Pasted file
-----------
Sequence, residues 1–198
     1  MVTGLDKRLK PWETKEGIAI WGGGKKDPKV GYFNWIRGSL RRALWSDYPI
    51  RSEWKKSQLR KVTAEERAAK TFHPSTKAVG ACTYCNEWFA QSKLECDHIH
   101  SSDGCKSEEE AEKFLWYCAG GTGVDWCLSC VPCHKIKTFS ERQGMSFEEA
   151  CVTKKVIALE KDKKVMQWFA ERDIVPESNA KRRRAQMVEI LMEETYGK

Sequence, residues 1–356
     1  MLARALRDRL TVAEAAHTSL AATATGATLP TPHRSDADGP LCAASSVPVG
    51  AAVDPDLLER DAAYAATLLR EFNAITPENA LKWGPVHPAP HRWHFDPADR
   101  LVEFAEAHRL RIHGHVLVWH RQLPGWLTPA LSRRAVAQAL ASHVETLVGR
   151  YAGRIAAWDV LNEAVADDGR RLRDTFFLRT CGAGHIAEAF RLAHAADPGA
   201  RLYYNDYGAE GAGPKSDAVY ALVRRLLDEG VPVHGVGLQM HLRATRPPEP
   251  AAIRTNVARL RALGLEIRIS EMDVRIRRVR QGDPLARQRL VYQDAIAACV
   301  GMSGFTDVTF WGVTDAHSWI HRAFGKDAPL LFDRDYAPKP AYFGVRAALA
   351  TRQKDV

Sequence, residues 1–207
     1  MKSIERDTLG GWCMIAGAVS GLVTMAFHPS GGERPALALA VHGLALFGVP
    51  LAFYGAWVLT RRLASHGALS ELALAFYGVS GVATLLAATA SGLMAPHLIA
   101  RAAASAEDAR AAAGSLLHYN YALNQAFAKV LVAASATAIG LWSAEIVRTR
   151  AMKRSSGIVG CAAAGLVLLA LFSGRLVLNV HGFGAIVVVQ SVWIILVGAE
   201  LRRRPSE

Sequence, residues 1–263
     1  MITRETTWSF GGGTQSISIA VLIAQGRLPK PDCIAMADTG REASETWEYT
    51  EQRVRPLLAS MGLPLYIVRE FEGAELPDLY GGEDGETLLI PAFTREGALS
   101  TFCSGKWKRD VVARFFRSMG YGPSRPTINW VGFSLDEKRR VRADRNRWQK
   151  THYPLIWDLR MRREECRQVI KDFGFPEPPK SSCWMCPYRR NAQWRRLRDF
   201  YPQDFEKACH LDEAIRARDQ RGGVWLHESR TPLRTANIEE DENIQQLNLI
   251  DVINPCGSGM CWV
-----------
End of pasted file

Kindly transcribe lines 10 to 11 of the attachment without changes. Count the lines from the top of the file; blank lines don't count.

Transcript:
   151  YAGRIAAWDV LNEAVADDGR RLRDTFFLRT CGAGHIAEAF RLAHAADPGA
   201  RLYYNDYGAE GAGPKSDAVY ALVRRLLDEG VPVHGVGLQM HLRATRPPEP